4. Financial Director

The Financial Director is responsible for the fiscal affairs of the town.

5. Town Attorney

The town attorney serves as the town’s Chief Legal Advisor for the town.

Financial History

In July 2012, the State Treasurer’s Office took control of the books. Princeville was financially strapped at the time. This was only the fifth time the state has taken over for a local municipality since the 1930s. It has happened twice in Princeville. The state also assumed control of its books in 1997.

Princeville Museum and Welcome Center

Princeville Museum and Welcome Center is a gorgeous building with its astounding hardwood floors, twin rooms, and kitchen. The facilities are available to rent for conferences and meetings. There is the restored schoolhouse that once housed Princeville Grade School. Its interpretive displays bring the town’s rich history to life.

The Princeville Museum serves as a bridge to the region’s historic past. It shows the cultural landscape of the first town chartered by African Americans. The restored schoolhouse hosts visitors and community events.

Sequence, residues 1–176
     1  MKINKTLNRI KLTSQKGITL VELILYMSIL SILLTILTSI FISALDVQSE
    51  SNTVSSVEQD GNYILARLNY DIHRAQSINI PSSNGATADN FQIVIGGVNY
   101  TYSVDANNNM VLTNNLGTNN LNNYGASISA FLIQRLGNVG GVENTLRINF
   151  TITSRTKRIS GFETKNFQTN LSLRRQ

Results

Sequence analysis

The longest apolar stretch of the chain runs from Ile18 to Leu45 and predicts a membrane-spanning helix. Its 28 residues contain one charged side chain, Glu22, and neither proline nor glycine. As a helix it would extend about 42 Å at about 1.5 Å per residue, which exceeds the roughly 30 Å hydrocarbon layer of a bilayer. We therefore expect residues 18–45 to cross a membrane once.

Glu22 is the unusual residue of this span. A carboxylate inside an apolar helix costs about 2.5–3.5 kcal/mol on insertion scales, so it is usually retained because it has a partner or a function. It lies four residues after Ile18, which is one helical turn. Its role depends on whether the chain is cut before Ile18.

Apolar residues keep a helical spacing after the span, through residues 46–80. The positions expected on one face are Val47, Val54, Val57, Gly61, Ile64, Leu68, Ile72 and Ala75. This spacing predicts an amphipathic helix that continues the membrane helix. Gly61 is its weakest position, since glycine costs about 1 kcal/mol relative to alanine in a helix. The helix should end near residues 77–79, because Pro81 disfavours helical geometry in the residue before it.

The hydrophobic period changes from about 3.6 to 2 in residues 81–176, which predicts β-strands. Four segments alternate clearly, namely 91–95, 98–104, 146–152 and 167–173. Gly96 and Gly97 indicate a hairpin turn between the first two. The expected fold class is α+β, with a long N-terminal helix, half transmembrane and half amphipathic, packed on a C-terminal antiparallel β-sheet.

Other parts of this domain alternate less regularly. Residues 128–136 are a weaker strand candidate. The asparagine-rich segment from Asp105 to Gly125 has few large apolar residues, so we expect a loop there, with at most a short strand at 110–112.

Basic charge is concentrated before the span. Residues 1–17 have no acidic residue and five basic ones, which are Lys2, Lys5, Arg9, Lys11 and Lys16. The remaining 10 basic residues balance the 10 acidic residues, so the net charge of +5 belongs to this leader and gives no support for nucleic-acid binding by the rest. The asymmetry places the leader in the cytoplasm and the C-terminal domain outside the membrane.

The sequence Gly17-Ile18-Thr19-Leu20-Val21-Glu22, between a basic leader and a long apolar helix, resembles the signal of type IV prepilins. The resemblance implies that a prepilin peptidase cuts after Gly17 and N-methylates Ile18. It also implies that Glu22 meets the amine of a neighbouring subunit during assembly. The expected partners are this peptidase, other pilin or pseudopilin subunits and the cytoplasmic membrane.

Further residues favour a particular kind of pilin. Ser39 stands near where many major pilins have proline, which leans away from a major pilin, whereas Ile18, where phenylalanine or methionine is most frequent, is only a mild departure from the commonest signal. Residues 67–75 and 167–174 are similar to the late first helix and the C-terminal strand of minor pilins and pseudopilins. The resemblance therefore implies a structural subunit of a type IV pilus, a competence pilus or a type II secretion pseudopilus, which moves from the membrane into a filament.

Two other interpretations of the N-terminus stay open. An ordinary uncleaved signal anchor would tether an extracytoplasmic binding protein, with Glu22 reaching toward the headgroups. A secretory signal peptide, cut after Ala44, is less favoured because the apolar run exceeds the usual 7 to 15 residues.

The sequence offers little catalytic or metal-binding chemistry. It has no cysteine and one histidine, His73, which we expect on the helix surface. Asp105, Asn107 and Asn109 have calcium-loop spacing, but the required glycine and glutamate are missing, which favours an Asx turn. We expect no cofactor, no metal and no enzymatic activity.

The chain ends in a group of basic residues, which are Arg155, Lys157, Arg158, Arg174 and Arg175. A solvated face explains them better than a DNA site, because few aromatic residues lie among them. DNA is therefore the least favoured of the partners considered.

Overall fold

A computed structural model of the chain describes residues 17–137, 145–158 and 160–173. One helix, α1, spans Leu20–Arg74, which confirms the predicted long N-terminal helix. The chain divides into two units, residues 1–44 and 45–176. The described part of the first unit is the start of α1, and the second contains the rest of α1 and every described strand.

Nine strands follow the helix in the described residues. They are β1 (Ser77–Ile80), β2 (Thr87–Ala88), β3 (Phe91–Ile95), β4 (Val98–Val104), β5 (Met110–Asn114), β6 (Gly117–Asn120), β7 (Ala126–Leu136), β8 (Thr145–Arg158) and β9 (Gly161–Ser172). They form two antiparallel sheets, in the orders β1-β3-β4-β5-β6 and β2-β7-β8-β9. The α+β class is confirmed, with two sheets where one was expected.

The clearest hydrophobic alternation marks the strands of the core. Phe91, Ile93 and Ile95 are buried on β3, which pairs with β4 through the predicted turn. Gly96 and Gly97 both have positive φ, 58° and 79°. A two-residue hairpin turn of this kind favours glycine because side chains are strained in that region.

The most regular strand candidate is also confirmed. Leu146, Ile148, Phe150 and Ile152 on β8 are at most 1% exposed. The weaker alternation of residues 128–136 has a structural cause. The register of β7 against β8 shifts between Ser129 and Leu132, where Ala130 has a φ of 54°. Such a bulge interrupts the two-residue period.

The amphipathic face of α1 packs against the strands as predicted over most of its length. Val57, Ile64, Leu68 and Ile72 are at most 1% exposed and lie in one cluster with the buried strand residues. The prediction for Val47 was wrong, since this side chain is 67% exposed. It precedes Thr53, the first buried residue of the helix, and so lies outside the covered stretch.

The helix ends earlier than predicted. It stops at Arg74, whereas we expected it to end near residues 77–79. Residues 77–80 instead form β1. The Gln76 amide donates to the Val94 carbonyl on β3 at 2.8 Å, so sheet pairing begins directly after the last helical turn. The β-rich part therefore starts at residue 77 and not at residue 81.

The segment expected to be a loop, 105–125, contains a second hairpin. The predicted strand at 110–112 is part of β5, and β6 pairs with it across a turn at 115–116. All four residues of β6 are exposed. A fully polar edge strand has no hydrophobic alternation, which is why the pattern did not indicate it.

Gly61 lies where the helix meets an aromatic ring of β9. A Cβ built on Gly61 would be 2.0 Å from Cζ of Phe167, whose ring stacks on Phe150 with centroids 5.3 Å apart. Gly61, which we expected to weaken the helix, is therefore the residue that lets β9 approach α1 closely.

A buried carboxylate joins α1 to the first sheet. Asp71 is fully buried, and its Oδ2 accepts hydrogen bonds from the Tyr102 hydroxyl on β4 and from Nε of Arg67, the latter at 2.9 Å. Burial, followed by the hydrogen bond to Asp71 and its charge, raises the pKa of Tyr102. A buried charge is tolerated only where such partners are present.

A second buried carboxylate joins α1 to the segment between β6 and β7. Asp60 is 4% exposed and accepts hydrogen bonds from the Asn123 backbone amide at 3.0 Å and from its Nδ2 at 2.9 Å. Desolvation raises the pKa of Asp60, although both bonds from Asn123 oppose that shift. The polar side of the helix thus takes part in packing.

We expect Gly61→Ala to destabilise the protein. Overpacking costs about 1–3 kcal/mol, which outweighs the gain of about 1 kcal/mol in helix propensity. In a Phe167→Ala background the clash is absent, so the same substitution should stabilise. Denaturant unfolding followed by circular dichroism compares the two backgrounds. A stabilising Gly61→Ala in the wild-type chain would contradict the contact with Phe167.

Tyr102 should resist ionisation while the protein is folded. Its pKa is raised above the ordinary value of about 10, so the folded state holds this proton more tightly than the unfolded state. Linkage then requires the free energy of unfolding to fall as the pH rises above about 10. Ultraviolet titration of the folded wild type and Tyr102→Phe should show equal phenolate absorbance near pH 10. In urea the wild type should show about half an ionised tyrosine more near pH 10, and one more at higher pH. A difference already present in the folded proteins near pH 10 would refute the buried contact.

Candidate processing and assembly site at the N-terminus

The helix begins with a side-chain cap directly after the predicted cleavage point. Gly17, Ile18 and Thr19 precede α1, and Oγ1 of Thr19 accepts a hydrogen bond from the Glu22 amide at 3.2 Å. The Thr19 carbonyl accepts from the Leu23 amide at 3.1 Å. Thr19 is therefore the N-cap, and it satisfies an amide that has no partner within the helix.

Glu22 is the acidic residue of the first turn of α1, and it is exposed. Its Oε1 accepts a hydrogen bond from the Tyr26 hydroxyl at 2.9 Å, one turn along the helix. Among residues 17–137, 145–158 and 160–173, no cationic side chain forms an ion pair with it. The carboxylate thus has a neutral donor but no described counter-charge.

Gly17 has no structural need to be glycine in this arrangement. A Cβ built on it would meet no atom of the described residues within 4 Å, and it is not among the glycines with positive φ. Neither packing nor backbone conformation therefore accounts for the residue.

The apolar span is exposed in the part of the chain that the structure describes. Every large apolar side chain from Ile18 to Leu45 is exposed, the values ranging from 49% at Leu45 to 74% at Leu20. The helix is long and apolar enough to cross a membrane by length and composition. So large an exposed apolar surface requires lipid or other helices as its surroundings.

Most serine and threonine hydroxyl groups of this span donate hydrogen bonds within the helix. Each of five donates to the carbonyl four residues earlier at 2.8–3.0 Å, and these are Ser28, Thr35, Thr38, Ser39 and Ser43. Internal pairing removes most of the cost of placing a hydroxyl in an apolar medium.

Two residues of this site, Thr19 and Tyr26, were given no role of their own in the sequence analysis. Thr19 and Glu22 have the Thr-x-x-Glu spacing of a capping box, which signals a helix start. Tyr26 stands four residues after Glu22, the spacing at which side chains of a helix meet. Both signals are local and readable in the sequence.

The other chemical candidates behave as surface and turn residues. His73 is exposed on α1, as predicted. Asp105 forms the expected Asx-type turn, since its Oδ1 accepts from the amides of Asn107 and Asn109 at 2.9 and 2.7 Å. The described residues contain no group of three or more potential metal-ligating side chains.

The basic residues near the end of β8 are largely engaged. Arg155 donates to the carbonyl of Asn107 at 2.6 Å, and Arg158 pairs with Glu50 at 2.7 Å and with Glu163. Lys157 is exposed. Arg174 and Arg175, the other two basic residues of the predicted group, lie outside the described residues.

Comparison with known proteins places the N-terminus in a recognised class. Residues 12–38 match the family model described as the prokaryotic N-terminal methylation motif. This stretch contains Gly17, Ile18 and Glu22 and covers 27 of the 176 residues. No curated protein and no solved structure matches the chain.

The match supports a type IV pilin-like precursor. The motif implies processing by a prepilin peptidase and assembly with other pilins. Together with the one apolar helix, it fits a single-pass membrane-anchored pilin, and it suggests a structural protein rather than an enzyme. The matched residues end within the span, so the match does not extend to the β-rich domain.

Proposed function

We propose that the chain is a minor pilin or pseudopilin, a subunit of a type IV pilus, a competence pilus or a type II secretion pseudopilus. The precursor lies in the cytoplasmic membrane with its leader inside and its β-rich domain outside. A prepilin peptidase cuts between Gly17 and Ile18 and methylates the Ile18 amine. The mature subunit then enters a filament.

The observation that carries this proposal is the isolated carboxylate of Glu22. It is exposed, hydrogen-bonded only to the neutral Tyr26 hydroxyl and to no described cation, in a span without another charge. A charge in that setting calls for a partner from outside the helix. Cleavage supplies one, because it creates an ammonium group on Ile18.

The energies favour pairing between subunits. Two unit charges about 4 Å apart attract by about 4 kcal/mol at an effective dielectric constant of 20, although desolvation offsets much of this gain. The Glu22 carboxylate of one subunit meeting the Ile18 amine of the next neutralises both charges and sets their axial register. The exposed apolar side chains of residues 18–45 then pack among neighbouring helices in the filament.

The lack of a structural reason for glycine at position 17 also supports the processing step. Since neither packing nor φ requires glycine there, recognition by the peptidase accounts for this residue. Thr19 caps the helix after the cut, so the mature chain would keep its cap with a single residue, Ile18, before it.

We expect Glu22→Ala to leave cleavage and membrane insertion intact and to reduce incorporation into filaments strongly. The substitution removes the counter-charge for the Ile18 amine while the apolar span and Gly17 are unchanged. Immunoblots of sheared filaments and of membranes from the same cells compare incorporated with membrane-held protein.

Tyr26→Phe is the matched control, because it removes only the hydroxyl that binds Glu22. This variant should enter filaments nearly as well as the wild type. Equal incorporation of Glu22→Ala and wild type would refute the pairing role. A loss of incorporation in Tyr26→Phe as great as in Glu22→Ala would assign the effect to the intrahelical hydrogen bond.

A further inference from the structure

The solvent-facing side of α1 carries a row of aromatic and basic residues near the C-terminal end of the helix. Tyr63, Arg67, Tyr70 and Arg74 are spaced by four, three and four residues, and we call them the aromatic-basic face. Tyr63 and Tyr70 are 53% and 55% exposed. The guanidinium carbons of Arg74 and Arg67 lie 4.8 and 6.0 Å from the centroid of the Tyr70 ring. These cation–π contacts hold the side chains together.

The town has many services that help it run smoothly. Some of the daily involvements include;

1. Edgecombe County Water and Sewer

2. Chamber of Commerce

3. Edgecombe – Martin County Electric Corporation

4. Cable Television Service

5. Postal Service

6. Auto License Plates

7. Driver’s License

8. Tar River Times

9. Voter Registration

10. Telephone Service – CenturyLink

In the past, Princeville was disregarded. This has led to widespread continuous failures to protect its history and artifacts. Princeville lacks the critical mass of historic structures to enable traditional preservation measures. There is funding and protective measures that would go with it. Princeville’s remaining elements are at risk from future floods and economic issues. Elements that may disappear include structures and distinct landscape features. It is critical for Princeville to find another means of recognition. The town needs to raise visibility. It also needs to mobilize support for its unique and irreplaceable cultural landscape